Wind Power New Zealand: Siemens’ wind turbines for newest wind farm

Wind energy had grown over 25% a year over the last few years to supply about 5% of New Zealand’s electricity, and was likely to be supplying 20% by Y 2030, said Mr. Pyle.

Energy and Resources Minister Phil Heatley said the role of wind energy for electricity generation was steadily increasing.

“Unlike many countries, New Zealand’s wind energy does not require subsidies. It is one of the cheapest sources of generation for New Zealand to develop,” Mr. Heatley said in a statement.

“Renewables already play a significant role in our energy mix with 77% of New Zealand’s electricity coming from renewable sources last year. The government has a target of 90% by Y 2025.” About 2,400 megawatts of other wind farm projects were already approved, Mr. Heatley said.

Siemens will supply and erect the wind turbines for New Zealand’s newest wind farm, to be built for Meridian Energy Ltd at Mill Creek north of Wellington. The Mill Creek wind farm will comprise 26 2.3MW turbines able to provide the equivalent energy to power 30,000 average New Zealand households.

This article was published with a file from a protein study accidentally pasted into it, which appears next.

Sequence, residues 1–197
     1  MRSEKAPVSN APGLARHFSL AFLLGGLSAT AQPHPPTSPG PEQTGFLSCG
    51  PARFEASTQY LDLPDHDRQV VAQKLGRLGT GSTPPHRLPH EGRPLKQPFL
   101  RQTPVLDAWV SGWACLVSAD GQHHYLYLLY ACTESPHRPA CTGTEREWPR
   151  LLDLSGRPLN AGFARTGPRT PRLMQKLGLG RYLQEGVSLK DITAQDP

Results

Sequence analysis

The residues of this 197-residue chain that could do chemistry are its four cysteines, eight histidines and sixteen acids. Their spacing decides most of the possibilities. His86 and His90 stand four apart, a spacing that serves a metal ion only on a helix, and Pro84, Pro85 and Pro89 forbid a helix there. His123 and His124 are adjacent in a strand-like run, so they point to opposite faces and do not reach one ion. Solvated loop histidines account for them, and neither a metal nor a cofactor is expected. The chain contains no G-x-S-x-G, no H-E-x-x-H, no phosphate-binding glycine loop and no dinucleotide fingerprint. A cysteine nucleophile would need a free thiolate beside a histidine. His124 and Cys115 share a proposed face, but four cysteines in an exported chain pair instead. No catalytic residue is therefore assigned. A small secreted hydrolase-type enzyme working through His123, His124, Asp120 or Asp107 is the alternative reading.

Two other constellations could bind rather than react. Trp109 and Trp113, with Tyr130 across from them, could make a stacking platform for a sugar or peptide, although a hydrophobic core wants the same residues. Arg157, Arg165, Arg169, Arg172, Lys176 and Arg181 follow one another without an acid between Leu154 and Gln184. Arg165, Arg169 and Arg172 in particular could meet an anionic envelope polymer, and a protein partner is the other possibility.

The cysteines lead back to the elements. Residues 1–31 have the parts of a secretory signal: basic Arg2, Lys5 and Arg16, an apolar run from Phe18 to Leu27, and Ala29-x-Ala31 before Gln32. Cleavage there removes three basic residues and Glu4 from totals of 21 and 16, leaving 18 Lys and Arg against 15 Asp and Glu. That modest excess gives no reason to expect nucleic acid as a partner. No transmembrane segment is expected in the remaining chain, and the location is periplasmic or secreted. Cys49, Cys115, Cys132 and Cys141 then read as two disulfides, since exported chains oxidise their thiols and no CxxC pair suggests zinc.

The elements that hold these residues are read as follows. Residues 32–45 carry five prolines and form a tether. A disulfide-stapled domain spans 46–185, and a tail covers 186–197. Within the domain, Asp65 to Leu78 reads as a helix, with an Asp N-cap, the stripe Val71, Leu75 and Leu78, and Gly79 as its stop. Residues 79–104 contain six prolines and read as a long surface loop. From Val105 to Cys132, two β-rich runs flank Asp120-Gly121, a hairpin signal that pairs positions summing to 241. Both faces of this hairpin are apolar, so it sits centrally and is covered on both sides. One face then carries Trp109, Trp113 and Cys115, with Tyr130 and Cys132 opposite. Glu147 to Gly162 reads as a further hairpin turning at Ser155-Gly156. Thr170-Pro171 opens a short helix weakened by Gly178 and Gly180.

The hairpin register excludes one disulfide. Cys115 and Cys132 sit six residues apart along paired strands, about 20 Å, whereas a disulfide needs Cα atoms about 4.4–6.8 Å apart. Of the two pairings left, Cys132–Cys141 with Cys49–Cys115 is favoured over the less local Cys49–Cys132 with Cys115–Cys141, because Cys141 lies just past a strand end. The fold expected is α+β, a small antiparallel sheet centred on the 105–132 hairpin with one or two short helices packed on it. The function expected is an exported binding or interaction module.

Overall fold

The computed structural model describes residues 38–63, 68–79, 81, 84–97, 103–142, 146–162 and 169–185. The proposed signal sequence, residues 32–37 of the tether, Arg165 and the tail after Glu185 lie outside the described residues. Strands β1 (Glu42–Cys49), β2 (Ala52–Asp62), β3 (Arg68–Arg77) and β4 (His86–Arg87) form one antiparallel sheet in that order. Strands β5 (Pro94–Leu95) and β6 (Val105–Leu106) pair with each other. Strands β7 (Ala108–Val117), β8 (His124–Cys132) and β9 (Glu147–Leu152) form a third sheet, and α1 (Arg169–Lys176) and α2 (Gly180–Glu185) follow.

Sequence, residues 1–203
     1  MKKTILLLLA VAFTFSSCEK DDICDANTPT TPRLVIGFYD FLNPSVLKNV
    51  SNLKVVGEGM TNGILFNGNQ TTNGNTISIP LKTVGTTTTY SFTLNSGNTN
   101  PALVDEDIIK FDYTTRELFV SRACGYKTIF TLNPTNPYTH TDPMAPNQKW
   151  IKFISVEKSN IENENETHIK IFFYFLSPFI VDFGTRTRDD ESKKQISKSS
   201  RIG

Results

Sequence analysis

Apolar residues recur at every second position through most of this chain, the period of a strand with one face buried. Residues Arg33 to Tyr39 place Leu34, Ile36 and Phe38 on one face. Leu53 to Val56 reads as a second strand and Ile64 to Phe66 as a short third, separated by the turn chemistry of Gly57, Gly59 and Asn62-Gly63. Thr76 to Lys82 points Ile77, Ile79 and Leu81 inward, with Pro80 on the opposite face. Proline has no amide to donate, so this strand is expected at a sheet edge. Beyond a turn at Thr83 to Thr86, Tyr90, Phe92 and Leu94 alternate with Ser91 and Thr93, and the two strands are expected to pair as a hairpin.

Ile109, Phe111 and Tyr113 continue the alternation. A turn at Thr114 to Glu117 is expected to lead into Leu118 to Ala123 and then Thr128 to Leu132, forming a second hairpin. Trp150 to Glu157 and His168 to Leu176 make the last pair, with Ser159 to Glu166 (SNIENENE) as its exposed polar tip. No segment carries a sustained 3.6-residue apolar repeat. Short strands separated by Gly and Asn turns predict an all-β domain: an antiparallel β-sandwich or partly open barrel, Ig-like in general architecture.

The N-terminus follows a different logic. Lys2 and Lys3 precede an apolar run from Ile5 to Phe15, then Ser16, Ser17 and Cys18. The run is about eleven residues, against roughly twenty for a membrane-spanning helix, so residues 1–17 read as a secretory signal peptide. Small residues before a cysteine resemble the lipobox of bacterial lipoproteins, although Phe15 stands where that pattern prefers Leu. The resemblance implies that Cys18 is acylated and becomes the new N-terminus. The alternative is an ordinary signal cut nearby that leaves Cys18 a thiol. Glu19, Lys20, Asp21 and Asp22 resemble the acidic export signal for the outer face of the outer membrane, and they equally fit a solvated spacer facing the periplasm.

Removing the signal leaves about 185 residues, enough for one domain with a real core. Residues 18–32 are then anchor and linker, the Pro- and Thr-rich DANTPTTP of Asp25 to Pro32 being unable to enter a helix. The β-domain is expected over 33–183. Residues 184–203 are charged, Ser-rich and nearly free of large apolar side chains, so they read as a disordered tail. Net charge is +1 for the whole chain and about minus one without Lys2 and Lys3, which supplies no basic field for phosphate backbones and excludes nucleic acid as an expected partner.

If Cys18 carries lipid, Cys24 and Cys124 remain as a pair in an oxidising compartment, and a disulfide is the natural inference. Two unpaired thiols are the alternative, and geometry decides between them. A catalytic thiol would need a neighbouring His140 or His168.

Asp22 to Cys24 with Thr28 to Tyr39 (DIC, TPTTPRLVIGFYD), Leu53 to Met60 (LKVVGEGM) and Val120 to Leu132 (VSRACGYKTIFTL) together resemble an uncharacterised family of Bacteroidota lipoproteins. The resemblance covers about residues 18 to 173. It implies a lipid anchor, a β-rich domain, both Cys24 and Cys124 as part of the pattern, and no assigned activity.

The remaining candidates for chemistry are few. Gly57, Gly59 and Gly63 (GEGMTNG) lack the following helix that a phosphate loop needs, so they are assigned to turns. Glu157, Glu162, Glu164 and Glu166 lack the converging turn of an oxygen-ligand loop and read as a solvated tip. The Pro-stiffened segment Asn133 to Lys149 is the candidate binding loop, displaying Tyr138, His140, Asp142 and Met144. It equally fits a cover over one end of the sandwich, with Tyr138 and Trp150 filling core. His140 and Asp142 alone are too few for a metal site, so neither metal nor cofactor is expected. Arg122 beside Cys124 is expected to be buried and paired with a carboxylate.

Paul Ravlich CEO of Siemens New Zealand says the Mill Creek site, located 10km north of West Wind, is an ideal location, utilising Wellington’s most famous natural resource – consistent and powerful winds that are widely regarded as some of the best conditions for energy generation in the world.

“Mill Creek will draw on exceptional wind speeds, similar to that experienced at West Wind which has a capacity factor of more than 46 per cent, well above the world’s average of 30 per cent,” said Mr Ravlich.

Wind power in New Zealand

1997: 4 MW
1998: 24 MW (+500 %)
1999: 35 MW (+45.9 %)
2000: 35 MW (- %)
2001: 35 MW (- %)
2002: 35 MW (- %)
2003: 36 MW (+2.9 %)
2004: 168 MW (+366.7 %)
2005: 168 MW (- %)
2006: 171 MW (+1.8 %)
2007: 322 MW (+88.4 %)
2008: 325 MW (+1 %)
2009: 497 MW (+53 %)
2010: 530 MW (+6.7 %)
2011: 622 MW (+17.4 %)

By José Santamarta,